Kabul, May 1: One of the BBC’s reporters in Afghanistan Ahmad Shah, has been killed in an attack in the eastern Khost province, the international broadcaster said. He was shot dead on the same day a co-ordinated double suicide bombing in the capital, Kabul, killed 25 people, including at least nine other journalists.
Ahmad Shah, 29, had worked for the BBC’s Afghan service for more than a year and “had already established himself as a highly capable journalist who was a respected and popular member of the team”.
BBC World Service Director Jamie Angus called it a “devastating loss” and sent his “sincere condolences to Ahmad Shah’s friends and family and the whole BBC Afghan team”.
Talib Mangal, spokesman for the provincial governor in Khost, said Mr Shah was shot dead, without providing further details.
The suicide bombing attack, claimed by the Islamic State group, was the deadliest to target journalists since the fall of the Taliban in 2001.
A few hours later another suicide car bombing in Kandahar killed 11 children, police in the southern province said.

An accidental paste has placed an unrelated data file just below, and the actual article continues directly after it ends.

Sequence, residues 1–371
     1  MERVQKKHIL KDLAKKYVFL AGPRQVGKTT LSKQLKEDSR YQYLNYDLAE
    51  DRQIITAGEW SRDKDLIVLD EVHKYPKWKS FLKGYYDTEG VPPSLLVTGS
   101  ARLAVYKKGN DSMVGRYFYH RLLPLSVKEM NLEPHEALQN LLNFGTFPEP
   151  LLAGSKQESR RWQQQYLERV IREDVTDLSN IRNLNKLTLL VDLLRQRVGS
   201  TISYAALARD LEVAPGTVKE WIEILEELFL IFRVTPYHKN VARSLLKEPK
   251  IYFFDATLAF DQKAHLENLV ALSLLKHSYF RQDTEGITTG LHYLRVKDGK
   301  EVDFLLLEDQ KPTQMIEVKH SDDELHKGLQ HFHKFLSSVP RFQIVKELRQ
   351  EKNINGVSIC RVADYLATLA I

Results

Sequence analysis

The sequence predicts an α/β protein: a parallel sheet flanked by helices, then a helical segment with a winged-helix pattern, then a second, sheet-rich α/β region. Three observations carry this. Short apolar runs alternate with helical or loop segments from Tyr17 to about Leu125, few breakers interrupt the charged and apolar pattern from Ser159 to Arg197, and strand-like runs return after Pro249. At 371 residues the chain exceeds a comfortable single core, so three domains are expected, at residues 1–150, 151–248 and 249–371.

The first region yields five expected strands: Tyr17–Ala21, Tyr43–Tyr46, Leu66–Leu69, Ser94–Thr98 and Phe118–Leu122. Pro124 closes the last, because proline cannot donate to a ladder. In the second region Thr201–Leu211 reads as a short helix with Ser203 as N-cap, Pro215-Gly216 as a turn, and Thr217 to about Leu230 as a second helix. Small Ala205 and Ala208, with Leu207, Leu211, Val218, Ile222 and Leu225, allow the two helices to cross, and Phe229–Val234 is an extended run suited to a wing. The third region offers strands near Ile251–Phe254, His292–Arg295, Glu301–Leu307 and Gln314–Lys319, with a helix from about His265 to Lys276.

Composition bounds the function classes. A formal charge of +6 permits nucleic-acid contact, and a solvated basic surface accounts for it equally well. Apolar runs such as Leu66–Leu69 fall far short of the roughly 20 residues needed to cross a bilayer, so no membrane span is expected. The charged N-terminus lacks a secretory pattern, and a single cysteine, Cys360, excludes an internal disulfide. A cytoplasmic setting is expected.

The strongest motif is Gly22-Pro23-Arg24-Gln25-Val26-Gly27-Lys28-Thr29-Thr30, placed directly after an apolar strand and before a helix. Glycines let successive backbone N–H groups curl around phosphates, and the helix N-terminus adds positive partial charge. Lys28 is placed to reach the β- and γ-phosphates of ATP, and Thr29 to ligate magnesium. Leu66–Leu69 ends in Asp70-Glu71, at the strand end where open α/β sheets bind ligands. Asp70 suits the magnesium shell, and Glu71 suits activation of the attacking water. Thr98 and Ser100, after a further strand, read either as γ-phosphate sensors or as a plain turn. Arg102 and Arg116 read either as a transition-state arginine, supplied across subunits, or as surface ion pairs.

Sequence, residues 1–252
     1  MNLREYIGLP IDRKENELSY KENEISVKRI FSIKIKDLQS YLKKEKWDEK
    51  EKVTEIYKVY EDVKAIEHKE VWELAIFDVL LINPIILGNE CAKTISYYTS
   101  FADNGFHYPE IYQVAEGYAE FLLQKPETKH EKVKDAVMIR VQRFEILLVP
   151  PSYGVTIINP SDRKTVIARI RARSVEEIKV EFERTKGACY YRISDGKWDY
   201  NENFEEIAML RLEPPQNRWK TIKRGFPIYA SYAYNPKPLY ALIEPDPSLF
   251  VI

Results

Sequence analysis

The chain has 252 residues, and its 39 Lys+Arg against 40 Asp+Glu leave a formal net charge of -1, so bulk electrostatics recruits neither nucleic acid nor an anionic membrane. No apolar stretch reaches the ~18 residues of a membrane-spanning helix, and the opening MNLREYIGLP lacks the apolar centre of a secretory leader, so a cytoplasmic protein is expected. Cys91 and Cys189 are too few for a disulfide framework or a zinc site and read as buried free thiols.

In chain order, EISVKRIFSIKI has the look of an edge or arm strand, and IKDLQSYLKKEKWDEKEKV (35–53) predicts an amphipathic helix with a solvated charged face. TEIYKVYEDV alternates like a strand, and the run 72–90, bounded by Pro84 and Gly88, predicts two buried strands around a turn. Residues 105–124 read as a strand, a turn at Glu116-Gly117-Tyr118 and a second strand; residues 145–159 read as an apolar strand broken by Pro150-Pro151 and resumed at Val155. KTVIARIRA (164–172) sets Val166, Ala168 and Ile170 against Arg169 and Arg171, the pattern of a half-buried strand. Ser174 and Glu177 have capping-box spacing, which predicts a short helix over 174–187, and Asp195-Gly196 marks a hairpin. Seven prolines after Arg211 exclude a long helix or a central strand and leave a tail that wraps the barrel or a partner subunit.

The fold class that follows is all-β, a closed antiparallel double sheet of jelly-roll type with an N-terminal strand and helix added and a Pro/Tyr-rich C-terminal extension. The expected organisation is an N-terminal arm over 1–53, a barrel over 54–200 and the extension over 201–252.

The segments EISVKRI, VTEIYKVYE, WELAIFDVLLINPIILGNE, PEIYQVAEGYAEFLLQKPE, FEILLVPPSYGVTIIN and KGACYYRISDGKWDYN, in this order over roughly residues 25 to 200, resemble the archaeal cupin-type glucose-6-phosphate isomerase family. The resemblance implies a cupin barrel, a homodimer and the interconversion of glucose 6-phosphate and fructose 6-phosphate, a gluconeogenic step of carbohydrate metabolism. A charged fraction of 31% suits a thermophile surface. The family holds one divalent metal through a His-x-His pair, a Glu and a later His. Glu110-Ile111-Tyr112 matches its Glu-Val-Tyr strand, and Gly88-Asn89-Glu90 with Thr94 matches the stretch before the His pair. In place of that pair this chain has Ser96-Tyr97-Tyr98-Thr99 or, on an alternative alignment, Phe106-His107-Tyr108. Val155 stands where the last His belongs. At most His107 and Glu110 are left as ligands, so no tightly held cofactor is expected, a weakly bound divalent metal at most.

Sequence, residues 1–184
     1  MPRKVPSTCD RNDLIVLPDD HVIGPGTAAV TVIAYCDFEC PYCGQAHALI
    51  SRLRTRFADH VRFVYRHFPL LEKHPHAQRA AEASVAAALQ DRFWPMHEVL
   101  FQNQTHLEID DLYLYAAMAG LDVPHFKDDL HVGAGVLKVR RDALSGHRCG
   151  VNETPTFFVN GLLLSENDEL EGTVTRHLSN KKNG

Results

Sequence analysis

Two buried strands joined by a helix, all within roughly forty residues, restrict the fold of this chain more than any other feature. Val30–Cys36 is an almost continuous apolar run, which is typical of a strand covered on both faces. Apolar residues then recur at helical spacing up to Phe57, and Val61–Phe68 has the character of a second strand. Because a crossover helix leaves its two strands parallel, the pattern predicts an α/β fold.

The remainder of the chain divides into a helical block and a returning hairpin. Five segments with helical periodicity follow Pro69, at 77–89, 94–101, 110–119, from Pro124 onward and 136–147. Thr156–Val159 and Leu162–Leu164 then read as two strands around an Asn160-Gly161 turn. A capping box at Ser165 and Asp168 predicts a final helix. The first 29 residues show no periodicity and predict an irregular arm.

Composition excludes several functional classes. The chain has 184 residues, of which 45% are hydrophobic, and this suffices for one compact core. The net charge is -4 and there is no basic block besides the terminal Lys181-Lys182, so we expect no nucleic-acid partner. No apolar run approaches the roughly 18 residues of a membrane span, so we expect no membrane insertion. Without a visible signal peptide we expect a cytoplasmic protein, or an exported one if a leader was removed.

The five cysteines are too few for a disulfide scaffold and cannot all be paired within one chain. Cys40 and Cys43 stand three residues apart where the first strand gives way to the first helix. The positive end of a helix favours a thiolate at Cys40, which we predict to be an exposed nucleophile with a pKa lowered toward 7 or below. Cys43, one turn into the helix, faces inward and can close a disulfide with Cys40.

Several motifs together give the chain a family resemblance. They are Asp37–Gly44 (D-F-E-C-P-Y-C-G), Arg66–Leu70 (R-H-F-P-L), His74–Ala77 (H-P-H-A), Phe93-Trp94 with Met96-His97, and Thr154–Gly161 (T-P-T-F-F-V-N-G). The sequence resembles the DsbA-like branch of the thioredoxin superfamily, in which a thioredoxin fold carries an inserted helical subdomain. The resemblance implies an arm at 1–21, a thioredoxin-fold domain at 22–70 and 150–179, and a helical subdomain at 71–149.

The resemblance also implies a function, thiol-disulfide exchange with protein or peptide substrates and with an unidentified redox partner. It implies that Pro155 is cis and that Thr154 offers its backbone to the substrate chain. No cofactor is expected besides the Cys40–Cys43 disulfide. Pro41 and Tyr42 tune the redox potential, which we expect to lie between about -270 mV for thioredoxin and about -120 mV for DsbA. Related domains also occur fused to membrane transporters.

Agence France-Presse reported that the news agency’s chief photographer in Kabul, Shah Marai, was among those killed in Kabul.
AFP said Marai died in the second blast which targeted a group of journalists who had rushed to the scene of the earlier suicide attack in the capital.
Sediqullah Tawhidi, an official from the committee, said a cameraman form the local Tolo TV also was among those killed.
Police spokesman Hashmat Stanekzai said the first suicide bomber in Kabul was on a motorbike while the second attacker was among the crowd of reporters who rushed to the scene of the first attack, pretending to be one of the media.
He added that the second attacker then detonated his explosives while still among the reporters.
The second was meant to hit those rushing to the scene of the attack to help the victims of the first blast.
In the Kandahar attack, an official said a suicide bomber targeted a Nato convoy in the district of Daman but killed 11 children from a religious school near the site of the blast.
General John Nicholson, commander of Nato’s Resolute Support mission, said “our thoughts and prayers are with those wounded, and with the innocent Afghans whose lives were needlessly taken from them by the enemies of Afghanistan.”
General Nicholson said that “if the enemies of Afghanistan think their cowardly actions will deter the commitment of the brave Afghan forces and our Resolute Support advisers, or the call by the Afghan people for peace, they are sorely mistaken”.
The children from the madrasa had gathered around the convoy when the bomber struck, one witness said.